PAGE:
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Small personal action… holiday lights!

- December 4, 2010 - 0 Comments

While Very Big Discussions are underway at COP16 in Cancún (México), let’s take a moment to consider Small Personal Action.  Treaties and policy can be created, and laws passed accordingly, but if the affected populations (that means you) can’t do the simple stuff, what hope is there to make a dent in GHG emissions?

So, ’tis the season to talk about your festive lighting displays inside and outside your house.  Replacing your old, incandescent holiday lights pays for itself in one month.  Do it today and you’ll be completely paid back in your next utility bill.

At our home, we don’t do many Christmas lights outside, just three strings of 25 of old-fashioned lights around the gutter in front (C9-1/4 bulbs in official electrical-speak). Alternating red and green lights if you want to know. We wanted to put up some lights along the back gutter. We hadn’t done both front and back in a few years and didn’t want to do all white, which was all that was left after using all the reds and greens for the front… so off to the local store to buy lights for the back.

For USD 9.97 each (on sale), we bought 3 strings of C6 base, flame-shaped, LED lights, 50 lights/string (one every 4 inches).  After a couple evenings, I got out the Kill-o-Watt meter to check the power usage. In the front of our house, the three strings of “old-fashioned” lights–75 bulbs total–were running about 565-570W total, which works out to 7.5W/bulb. The label says they’re 7W bulbs, so that matches up. Since we have our lights on about 5 hrs a night on a timer, it’s around $0.50/night in northern California.  (Residential PG&E electricity rates vary from USD 0.12 to 0.40 per kWh depending on how much total you use each month; I used an average rate for my calculation.)  (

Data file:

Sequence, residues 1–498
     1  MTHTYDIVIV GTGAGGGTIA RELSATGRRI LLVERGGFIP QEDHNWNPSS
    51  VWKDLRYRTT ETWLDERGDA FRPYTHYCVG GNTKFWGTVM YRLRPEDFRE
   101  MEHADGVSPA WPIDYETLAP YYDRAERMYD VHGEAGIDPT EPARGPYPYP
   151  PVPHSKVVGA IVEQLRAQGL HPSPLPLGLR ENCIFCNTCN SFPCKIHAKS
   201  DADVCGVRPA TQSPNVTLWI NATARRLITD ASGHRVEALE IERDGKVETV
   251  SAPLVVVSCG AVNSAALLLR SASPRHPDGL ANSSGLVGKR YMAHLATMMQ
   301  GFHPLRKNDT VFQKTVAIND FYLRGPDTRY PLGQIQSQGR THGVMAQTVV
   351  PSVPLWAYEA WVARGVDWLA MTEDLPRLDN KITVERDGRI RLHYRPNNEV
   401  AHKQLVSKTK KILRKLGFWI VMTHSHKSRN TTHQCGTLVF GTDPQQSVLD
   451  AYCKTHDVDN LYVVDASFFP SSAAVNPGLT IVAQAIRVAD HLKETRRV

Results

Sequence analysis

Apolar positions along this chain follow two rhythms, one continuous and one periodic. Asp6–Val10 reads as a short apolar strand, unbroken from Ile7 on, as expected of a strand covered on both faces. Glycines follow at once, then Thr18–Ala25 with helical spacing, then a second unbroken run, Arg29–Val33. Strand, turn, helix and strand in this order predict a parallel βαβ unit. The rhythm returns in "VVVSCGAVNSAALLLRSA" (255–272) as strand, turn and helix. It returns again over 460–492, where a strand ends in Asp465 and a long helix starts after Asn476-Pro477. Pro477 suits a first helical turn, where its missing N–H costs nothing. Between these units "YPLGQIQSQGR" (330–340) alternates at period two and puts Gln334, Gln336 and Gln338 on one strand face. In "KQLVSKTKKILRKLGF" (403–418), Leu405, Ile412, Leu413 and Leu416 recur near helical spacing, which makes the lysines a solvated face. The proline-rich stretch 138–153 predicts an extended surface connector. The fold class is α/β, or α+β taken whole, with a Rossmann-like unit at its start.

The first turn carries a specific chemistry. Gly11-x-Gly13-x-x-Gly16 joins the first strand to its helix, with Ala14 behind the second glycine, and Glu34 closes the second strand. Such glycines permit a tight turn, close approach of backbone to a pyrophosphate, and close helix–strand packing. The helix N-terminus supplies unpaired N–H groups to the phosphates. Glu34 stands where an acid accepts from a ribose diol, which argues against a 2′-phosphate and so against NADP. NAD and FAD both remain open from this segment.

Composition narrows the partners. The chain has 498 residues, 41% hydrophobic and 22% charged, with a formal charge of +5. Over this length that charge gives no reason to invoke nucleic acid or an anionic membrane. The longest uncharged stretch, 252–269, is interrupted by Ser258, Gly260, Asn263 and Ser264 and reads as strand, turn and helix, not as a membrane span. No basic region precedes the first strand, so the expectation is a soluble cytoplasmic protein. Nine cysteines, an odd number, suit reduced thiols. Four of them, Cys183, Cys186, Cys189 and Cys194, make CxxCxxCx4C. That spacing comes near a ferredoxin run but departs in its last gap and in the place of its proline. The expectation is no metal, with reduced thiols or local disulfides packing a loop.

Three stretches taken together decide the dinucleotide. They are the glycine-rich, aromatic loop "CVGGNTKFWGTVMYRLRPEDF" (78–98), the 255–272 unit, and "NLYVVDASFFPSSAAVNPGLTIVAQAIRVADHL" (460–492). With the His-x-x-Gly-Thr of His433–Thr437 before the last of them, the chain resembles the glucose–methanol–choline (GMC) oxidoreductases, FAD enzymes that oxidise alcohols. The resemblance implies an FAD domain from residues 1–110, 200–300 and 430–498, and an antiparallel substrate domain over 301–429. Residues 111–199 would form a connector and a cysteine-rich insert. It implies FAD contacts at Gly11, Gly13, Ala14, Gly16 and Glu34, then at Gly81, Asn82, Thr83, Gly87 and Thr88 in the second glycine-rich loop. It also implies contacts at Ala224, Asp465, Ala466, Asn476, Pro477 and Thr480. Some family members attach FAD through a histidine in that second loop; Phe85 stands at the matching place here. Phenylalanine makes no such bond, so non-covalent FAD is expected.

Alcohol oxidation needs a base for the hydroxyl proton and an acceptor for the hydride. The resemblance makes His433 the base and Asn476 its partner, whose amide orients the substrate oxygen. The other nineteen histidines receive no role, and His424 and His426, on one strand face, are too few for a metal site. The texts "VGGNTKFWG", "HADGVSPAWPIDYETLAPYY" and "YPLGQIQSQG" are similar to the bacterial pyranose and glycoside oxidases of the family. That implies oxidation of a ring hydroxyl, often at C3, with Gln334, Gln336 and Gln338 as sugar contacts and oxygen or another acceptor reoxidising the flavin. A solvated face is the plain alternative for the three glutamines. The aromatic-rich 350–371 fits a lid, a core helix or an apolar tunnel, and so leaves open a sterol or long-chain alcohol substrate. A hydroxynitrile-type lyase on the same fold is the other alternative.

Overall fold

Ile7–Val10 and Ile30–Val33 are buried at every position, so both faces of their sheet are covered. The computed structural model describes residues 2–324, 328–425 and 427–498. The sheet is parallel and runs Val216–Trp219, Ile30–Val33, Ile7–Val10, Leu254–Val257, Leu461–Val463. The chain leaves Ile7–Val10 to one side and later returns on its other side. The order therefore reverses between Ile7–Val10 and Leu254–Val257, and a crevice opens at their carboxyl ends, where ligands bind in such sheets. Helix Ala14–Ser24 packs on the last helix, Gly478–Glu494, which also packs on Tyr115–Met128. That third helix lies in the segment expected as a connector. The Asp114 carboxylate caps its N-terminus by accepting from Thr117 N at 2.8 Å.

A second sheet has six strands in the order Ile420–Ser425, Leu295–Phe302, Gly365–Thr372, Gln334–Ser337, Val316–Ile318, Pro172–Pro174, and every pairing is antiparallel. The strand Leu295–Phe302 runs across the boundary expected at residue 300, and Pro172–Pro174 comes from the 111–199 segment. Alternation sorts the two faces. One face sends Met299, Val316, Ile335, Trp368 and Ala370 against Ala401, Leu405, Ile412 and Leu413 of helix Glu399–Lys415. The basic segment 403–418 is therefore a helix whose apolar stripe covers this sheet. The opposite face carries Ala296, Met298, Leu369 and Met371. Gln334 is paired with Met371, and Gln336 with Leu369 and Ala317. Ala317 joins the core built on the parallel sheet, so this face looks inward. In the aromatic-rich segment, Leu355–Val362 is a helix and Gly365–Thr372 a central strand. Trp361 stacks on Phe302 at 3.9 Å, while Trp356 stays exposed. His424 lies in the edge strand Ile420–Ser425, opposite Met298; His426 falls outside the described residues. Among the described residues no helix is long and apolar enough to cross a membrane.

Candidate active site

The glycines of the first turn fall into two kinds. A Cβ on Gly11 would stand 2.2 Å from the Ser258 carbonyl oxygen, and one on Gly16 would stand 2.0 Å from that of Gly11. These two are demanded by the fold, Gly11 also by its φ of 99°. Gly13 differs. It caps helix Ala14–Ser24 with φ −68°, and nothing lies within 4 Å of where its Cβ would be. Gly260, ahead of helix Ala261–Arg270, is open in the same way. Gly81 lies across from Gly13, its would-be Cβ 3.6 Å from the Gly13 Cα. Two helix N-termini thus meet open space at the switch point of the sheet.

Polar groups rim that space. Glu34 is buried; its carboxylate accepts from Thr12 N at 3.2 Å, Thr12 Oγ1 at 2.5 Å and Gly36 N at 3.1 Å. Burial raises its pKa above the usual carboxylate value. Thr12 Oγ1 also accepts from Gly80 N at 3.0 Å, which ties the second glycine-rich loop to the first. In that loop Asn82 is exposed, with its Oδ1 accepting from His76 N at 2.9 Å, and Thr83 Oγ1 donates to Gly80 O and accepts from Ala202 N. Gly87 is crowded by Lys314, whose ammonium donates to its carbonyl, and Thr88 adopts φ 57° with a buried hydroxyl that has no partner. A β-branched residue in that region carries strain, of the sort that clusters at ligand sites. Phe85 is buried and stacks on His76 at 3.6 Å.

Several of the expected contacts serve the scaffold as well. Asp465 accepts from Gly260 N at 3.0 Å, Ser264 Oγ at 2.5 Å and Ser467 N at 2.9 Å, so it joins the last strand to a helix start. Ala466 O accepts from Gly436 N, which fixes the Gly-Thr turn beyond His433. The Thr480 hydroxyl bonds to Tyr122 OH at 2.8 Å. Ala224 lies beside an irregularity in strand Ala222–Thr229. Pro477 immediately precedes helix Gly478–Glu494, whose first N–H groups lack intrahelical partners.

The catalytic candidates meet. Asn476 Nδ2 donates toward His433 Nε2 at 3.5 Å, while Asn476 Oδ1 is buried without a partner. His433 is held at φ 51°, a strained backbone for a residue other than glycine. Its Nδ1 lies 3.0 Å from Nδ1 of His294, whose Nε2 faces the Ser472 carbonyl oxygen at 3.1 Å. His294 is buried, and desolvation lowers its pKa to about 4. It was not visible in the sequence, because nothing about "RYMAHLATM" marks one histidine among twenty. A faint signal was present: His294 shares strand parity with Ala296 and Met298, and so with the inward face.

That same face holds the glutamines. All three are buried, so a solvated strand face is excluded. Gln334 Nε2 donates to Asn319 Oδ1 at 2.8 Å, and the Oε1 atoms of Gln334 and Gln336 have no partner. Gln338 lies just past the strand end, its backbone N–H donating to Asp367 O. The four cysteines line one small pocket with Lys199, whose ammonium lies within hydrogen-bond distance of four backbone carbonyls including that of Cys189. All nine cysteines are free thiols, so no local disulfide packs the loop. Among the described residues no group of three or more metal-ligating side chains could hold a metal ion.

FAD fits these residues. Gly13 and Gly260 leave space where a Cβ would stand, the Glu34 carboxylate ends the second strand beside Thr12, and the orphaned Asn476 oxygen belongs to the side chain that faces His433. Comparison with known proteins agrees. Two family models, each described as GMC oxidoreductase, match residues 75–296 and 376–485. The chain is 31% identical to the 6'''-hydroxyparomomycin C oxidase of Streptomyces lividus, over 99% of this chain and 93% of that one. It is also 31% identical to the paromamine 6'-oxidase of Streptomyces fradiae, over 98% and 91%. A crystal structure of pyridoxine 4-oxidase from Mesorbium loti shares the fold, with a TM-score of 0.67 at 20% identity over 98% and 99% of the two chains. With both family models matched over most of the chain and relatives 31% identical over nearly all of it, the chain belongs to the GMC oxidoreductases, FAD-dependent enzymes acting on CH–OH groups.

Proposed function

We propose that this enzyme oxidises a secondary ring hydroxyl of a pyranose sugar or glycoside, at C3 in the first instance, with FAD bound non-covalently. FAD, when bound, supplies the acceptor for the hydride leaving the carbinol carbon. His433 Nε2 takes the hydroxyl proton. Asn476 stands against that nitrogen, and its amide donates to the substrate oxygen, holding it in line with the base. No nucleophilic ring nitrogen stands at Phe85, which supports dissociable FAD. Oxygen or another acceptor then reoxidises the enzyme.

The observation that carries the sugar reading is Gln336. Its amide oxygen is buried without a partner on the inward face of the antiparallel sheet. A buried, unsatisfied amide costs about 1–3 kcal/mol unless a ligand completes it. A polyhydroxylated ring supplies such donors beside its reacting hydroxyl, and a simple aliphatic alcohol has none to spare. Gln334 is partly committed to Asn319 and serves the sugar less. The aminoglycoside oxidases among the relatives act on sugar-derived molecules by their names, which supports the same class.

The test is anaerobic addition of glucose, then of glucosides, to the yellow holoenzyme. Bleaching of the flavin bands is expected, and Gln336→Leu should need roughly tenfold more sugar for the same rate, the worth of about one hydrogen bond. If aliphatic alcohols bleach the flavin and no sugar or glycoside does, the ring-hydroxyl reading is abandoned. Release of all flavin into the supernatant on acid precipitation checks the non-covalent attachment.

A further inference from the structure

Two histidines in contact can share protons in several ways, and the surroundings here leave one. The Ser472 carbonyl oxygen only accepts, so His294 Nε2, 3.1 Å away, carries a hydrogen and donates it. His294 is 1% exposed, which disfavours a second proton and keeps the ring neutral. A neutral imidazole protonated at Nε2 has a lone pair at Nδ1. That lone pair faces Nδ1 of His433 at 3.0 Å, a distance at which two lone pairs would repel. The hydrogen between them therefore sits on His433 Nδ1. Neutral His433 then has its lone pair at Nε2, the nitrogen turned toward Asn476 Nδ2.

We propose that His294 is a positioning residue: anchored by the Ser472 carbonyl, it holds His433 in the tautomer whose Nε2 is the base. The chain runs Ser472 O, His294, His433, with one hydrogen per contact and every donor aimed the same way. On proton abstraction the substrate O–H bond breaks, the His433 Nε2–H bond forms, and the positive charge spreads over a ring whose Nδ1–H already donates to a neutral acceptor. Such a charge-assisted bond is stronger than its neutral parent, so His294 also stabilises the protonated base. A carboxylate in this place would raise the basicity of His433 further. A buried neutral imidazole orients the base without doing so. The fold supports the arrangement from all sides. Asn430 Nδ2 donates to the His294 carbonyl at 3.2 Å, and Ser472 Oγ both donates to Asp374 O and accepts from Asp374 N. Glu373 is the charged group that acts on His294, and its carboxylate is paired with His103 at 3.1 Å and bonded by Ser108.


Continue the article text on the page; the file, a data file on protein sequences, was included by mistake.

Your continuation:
Going around back, I checked on the three strings back there. 6W. Total. Six. For 150 bulbs.

I thought the meter was broken, so I checked a 9W CFL and it read 8W. I checked a lamp with two 25W CFLs and it read 47W, so the absurdly low reading wasn’t the meter. Even allowing for a bit of rounding error, it’s even less than the label on the box. Sitting in the house and looking at all the light and realizing it’s coming from only 6W is just amazing. The LED lights pay for themselves in three weeks, not quite in the Twelve Days of Christmas, but close.

Small Personal Action:  Replace your incandescent holiday/Christmas lights.  Today.  They last longer, save you money, and reduce GHG emissions.

P.S.  Yes, I went out and bought more LED lights and retired the old strings in front (into the recycle).

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